The District of Columbia Court of Appeals recently declined to intervene in a religious dispute involving a D.C. nonprofit, overturning a $500 million judgment against its directors. The court held that the fight over the nonprofit’s articles of incorporation and donations to other organizations implicated religious questions that civil courts could not adjudicate because of the First Amendment. The court’s decision is noteworthy not only in light of the high stakes, but also because it reaffirmed the boundaries of judicial authority under the First Amendment, including in the context of less familiar religious movements.

Since the its 1872 decision in Watson v. Jones, the Supreme Court has recognized that the First Amendment circumscribes the role of the courts in deciding religious disputes. As the Court recently reiterated in Hosanna-Tabor Evangelical Lutheran Church and School v. EEOC, the First Amendment guarantees to religious institutions the “power to decide for themselves, free from state interference, matters of church government as well as those of faith and doctrine.” In Hosanna-Tabor, this line of cases resulted in the Court’s affirmation of a “ministerial exception,” which preserves a church’s complete autonomy to determine who can act as its ministers.

But the Court has more frequently had to confront disputes over church property and leadership. As the Court explained in Jones v. Wolf, a court may adjudicate such disputes when they turn on “neutral principles of law.” Thus, the Court continued, religious organizations that wish to resort to the courts to settle disputes can specify ahead of time, under neutral, well-established concepts of trust and property law, “what religious body will determine the ownership in the event of a schism.” For example, in Meshel v. Ohev Sholom Talmud Torah, the D.C. Court of Appeals held that it could use neutral principles to enforce an arbitration agreement, even though the arbitral body was a religious entity. By contrast, when a dispute implicates questions of church doctrine, leadership, or polity, the courts lack authority to resolve it. Although this doctrine is sometimes called “ecclesiastical abstention,” it is not discretionary—as Jones explained, the First Amendment “prohibits” any decision by the court.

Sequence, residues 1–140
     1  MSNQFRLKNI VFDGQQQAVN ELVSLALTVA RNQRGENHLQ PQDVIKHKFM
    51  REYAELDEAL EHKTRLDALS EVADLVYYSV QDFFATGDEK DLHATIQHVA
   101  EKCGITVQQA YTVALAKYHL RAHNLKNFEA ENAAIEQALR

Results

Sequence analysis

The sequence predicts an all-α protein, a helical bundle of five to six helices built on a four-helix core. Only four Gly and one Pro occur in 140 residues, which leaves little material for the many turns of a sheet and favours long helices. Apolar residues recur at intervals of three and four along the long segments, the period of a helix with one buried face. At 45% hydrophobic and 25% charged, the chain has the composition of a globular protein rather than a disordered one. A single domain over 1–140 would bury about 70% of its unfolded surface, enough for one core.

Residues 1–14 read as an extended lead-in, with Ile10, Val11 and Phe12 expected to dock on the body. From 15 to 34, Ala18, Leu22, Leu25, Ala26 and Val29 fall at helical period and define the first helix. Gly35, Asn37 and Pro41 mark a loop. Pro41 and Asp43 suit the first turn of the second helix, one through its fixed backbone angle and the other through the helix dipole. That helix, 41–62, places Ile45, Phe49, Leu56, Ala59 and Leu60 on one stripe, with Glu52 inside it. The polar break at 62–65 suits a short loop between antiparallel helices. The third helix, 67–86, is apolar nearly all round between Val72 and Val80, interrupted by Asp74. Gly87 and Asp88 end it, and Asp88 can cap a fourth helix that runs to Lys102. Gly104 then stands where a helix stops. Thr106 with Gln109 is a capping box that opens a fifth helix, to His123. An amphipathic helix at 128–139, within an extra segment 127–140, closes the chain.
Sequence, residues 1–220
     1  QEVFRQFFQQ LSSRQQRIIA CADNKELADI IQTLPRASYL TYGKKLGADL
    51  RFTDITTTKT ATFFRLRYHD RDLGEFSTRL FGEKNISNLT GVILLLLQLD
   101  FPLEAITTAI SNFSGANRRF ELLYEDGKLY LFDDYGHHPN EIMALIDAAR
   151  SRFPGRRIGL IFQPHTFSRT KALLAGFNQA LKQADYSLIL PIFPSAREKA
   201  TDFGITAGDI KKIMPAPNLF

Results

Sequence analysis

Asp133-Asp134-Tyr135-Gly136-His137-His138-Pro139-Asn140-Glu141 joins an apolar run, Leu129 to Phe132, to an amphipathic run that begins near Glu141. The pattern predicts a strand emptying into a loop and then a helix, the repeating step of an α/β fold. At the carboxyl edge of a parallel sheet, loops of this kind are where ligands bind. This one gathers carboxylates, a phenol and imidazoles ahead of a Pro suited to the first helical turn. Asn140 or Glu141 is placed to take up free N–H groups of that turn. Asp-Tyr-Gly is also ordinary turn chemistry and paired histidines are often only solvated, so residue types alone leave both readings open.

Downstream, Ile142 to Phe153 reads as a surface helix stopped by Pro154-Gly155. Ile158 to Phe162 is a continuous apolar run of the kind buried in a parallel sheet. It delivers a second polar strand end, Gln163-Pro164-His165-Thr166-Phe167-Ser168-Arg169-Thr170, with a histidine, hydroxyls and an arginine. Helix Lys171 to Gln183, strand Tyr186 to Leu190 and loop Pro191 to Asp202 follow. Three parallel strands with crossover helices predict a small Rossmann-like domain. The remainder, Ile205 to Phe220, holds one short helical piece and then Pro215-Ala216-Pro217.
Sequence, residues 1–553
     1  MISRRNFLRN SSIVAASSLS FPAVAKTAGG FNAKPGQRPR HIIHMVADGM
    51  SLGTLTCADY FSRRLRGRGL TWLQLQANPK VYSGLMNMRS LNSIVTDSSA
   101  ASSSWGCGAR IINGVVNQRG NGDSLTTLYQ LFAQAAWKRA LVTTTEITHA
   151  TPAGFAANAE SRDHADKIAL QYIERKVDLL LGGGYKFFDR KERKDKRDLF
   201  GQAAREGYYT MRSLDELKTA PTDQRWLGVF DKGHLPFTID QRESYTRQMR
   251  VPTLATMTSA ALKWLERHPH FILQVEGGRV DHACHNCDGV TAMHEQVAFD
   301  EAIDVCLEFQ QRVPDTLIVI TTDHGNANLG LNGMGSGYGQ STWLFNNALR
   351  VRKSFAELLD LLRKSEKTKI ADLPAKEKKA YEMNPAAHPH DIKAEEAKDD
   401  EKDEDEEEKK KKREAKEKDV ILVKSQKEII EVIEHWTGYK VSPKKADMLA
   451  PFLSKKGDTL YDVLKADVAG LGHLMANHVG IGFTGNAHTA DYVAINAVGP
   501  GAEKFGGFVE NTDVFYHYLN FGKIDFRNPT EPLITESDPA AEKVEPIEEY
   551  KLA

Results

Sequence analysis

The Unification Movement, or Unification Church, was founded by the late Rev. Sun Myung Moon in 1954. After Rev. Moon suffered declining health and passed away in 2012, a major schism developed in the church, as various family members asserted claims to leadership. Unable to resolve the schism internally, various factions sued in state and federal courts. In 2020, the Second Circuit concluded that the First Amendment prohibited it from deciding whether Rev. Moon’s widow or one of his sons was the rightful leader of the Movement.

In the D.C. case at hand, plaintiffs affiliated with one faction of the church sued UCI—a D.C. nonprofit entrusted with substantial funds—and its board of directors. UCI’s president, another of Rev. Moon’s sons, believes that he is the rightful leader of the Unification Movement, and he took steps to elect directors who shared his vision of the movement’s future. The board then voted to amend UCI’s articles of incorporation and, subsequently, donated a substantial fraction of UCI’s assets to a foundation associated with the board’s vision of the church. Plaintiffs brought suit, arguing that the amendments and donations were inconsistent with UCI’s original purposes and, thus, that the directors had breached their fiduciary duties to the corporation by substantially changing its essential character (among other claims). Plaintiffs argued that UCI was instead required to support their organization, which plaintiffs claimed is the institutional embodiment of the Unification Church. The trial court agreed with Plaintiffs and issued an order removing UCI’s directors, directing that the articles be un-amended, and holding the directors liable for more than $500 million in disputed donations.